Following Facebooks IPO a number of documents have been released covering the misgivings the Security and Exchange Commission (SEC) had around their user data, in particular around mobile devices. These have been expertly summarised in this fascinating story on Bloomberg. This is not just important insight of investors; it is critical knowledge for marketers that are building businesses on Facebook and for our perception and application of analytics and social listening to developing strategy.

The key points from the article include:

  1. They critically had very little idea how many mobile users they had and were double counting users
  2. Facebook had no concept of how many mobile only users there were. They estimated that 69 million, or 44 percent, of the 156 million new users might be mobile- only. But these were finger in the air numbers.
  3. They had no reliable count of the geography of mobile users. For instance, the company counted as Canadian many BlackBerry (RIMM) users around the world because the servers are based in Canada.

This is of course an issue for Facebook as the value proposition is based on the data. But it’s more important for the marketing industry as whole. Whole agency models are built on the validity of Facebook and publisher data.

Exploring their recent numbers

This also brings into question their recent 1bn active user claim (600m mobile). No question that Facebook is still growing, we’ve tracked over 1bn accounts and 645m active users (from 87% of the global internet population) as of Q2 2012, and forecast 2bn (thanks to emerging market growth) by the end of 2014.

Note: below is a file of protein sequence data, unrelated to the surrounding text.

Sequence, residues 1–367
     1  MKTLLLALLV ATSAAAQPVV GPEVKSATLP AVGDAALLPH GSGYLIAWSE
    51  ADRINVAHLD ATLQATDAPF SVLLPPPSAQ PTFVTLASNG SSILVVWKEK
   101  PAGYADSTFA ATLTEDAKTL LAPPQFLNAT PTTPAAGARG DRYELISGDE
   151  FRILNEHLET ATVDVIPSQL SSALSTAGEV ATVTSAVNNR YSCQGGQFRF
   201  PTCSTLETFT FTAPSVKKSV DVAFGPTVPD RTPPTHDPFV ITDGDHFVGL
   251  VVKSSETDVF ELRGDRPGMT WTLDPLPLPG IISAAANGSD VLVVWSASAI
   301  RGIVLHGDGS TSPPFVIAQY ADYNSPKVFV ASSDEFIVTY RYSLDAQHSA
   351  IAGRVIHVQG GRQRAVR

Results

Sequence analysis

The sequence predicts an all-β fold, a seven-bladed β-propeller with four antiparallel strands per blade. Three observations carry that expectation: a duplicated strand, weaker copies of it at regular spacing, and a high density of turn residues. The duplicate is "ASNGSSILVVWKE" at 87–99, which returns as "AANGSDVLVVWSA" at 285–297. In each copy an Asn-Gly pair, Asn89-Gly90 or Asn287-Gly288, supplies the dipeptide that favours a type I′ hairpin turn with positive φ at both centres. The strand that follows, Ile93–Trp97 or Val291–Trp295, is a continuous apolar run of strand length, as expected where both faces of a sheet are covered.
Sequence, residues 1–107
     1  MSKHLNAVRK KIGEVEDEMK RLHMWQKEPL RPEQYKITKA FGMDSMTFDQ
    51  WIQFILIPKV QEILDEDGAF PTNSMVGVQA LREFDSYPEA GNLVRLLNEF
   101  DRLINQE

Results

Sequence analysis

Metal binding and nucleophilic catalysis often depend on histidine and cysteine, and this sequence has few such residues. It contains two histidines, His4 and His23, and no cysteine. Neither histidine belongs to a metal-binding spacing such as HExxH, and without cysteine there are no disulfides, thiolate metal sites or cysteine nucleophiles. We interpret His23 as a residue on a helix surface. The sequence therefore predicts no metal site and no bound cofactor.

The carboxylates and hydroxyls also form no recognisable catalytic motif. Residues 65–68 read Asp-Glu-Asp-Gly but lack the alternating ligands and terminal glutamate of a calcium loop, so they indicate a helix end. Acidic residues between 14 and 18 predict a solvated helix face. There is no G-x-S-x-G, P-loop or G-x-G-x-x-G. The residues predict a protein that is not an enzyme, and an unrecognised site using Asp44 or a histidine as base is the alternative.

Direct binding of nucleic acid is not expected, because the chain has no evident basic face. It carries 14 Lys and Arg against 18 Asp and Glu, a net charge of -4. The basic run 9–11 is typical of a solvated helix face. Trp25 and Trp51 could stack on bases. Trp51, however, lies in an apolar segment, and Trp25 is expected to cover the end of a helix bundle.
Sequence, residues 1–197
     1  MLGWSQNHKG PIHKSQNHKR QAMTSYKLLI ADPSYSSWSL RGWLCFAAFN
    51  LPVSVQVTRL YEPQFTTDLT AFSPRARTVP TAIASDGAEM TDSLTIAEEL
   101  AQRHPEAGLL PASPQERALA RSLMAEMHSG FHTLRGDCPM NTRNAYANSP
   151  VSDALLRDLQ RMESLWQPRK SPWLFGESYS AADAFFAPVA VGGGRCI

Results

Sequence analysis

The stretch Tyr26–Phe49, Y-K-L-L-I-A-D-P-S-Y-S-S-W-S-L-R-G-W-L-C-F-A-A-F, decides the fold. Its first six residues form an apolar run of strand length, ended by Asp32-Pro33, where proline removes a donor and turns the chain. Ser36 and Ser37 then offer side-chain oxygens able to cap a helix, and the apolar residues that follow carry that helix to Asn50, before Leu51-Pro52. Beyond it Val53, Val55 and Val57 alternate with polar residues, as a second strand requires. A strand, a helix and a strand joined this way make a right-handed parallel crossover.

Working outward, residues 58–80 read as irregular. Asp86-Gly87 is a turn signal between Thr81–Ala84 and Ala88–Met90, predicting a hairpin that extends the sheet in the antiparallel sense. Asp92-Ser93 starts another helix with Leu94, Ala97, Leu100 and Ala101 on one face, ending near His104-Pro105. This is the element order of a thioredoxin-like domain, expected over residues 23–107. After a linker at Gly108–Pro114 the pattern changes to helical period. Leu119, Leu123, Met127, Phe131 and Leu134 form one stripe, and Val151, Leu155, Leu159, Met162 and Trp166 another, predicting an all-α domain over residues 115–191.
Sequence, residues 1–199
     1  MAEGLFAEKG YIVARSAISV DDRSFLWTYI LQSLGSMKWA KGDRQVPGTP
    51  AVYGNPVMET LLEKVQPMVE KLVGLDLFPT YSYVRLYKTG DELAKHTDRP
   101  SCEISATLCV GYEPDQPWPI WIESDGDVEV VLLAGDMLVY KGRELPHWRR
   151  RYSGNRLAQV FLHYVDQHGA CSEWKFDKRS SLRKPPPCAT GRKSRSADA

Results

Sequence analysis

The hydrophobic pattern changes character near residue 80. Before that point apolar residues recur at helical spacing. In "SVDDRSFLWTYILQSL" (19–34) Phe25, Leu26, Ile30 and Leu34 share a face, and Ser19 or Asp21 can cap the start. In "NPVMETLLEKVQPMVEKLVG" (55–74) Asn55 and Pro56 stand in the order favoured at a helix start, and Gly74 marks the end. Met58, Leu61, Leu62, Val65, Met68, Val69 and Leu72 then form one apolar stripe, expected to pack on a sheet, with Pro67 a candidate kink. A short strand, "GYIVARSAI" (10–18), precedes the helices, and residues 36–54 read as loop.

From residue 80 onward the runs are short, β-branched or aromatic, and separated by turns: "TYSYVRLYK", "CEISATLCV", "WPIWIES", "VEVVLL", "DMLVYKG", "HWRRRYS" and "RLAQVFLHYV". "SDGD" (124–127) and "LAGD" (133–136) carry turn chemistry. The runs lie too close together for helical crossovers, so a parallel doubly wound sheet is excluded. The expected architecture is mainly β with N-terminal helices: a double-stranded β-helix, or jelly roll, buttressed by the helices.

Crucially we track Facebook as having the highest level of active usage (defined as contributed or used) versus number of accounts outside of Chinese services, which stands at 64%. This it should be noted is an incredibly high figure.

If we take the 1bn active users as gospel truth, this would suggest they have 1.56bn accounts based on our active user percentage. If we also buy into the claim that they have no users in China and exclude China, the global internet universe now stands at 1.7bn. This would mean that 89% of internet users on the planet have a Facebook account.

This clearly implies a number of things:

  1. The real active number is much lower (but still hugely significant)
  2. Mobile users are being double counted
  3. To generate such scale there would have to large number of users in China (being registered as other markets in official numbers – mainly in the US)
  4. Users are being recorded as active without their participation or knowledge (i.e auto logins in via mobile)
  5. Duplicate and fake accounts are a very real issue

The wider issue with analytics

This is not an issue that is going to go away and it reaches far beyond Facebook. As consumers become more multi-platform, the task of tracking users with reliability becomes near impossible. Add to this growing user awareness of tracking, initiatives like Microsoft’s “Do Not Track”, the shift of internet behaviour into apps, and you have an increasingly murky future if you entirely rely on analytics and tracking to drive insights for strategy development or planning.

This is not a commentary on optimisation or campaign reporting (we use analytics here for our marketing), however the simple truth is that relying on web and social analytics to solely drive business decisions is increasingly dangerous. We believe research provides the most accurate and detailed view of how people are behaving online. These insights back this up.

It also underlines why we exist and why we brought GlobalWebIndex to market and why through client adoption we’ve been able to create the largest multi-market syndicated research service on the planet.

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